Little Blue Heron

Little blue herons, also known as blue cranes, little blue cranes, and levee walkers, are small members of the stork family that inhabit the Americas. 

Little Blue Heron Scientific Classification

Animalia
Chordata
Aves
Pelecaniformes
Ardeidae
Egretta
Egretta caerulea

Table Of Content

Scientific Classification

Little Blue Heron

Animalia
Chordata
Aves
Pelecaniformes
Ardeidae
Egretta
Egretta caerulea

Little Blue Heron Map

Physical Description

Size – They are usually about 24 inches (60 cm) long.

Weight – They weigh around 11.5 oz. (325 g).

Wingspan – Fully stretched wings can measure up to 40 inches (102 cm).

Plumage – Breeding Adults have blue and grey plumage, the head and neck are purplish with long filament-like plumes, the legs and feet are dark blue. Non-breeding Adults exhibit a dark-blue neck and head plumage and pale legs. Juveniles are completely white other than dark wing tips and dull greenish legs, they acquire the adult plumage as they grow older.

Sexual Dimorphism – Non-existent.

Distribution

They are distributed over a large stretch from Massachusetts to Florida along the Atlantic Coast, Gulf of Mexico. parts of Central and South America as well as the Caribbean islands.

Habitat

Little blue herons live near fresh or salt water bodies, their dwelling places include wetlands like streams, lagoons, ponds, marshes, flooded grasslands, canals, ditches and fish hatcheries.

Little Blue Heron Bird

Little Blue Heron Images

Behavior

  • Little blue herons are opportunistic and patient predators, standing and waiting for their prey until they can make the final blow.
  • Since they are not too energetic, they mostly walk at a slow pace along the marshes.
  • Though they hunt alone, they dwell in small or big communities.
  • They fight noisily with their screams resembling that of parrots.

Mating & Reproduction

With their necks stretched upwards, the males try wooing the females by bending in front of them also expressing themselves by vocalizing alongside other movements like neck swaying. If impressed the female approaches the male with initially aggressive interactions gradually transformed to affectionate gestures like nibbling at each other’s feathers and crossing their necks.

The male then proceeds to gather sticks for the female who duly receives and places them into a nest structure.

The female lays 4-5 eggs on average, over a period of 5-8 days. Incubation is done by both parents for 22-24 days.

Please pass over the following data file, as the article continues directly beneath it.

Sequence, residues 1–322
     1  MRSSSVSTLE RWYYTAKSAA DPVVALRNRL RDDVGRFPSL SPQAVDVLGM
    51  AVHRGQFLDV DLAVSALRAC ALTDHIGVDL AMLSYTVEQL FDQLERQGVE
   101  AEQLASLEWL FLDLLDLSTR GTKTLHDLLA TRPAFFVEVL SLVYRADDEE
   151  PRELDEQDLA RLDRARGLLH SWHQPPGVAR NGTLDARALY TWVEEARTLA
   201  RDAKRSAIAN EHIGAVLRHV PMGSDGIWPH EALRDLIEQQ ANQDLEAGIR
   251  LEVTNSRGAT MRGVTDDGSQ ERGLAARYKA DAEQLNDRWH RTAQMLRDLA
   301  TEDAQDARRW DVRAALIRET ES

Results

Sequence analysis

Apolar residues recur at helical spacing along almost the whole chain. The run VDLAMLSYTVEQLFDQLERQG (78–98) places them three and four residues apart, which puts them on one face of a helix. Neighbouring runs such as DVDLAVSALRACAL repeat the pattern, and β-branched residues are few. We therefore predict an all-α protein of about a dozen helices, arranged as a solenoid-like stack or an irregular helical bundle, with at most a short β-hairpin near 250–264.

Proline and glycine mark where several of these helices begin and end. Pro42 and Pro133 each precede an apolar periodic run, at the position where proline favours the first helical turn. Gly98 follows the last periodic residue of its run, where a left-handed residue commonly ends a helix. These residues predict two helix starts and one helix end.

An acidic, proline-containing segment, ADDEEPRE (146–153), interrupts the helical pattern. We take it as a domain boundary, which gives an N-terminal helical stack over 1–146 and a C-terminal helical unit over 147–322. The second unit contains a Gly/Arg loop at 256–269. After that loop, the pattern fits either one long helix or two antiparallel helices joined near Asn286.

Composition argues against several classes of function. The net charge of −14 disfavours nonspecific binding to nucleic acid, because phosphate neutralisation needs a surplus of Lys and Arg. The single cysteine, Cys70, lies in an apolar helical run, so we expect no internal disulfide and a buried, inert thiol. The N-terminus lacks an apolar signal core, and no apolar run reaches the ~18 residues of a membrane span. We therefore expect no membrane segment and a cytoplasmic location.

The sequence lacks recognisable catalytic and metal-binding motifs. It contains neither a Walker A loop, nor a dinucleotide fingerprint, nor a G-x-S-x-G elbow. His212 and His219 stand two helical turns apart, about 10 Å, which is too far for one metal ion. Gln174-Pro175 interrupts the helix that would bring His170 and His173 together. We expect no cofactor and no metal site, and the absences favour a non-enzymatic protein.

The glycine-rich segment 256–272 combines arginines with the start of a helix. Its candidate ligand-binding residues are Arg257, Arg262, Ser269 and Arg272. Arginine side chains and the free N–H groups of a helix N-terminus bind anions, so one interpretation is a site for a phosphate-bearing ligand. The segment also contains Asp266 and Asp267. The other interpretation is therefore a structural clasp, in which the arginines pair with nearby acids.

Little Blue Heron Juvenile

Little Blue Heron Pictures

Life-cycle

Other than raising their head, the chicks cannot move much and depend on their parents for food which is either provided in their nest or later put into their mouths.

After about 21 days they can make short trips to nearby branches while in 30 days they start taking periodical flights.

At 42-49 days they become fully fledged capable of moving around on their own. One year after their birth they can begin to breed.

Lifespan

They can live for 7 years in their natural habitat.

Diet

They are carnivorous, thriving on fish, frogs, snakes, turtles, lizards, shrimp, fiddler crabs, crayfish, aquatic spiders, and insects. When the water in the swamps and marshes dry up, they even eat beetles, grasshoppers, and crickets.

Sounds and Communication

They communicate through hoarse croaks and squawks,

Adaptations

  • These birds have a white plumage in their initial years, like snowy egrets, which thereby help the young herons to shield themselves from predators and catch fish conveniently whenever they are in the company of these birds.

Little Blue Heron in Flight

Little Blue Heron

Predators

These birds are preyed upon by cougars, raptors, and coyotes, while their eggs are mostly devoured by ravens, foxes, raccoons and crows.

IUCN Conservation Status

The IUCN has listed the little blue heron under the ‘Least Concern’ category.

Interesting Facts

  • The oldest recorded little blue heron was 13 years 11 months old which died in Maryland in 1971.
  • Their dull plumage spared their numbers from declining in the late nineteenth and early twentieth centuries when the population of heron species and egrets lessened due to the demand for colorful feathered hats.

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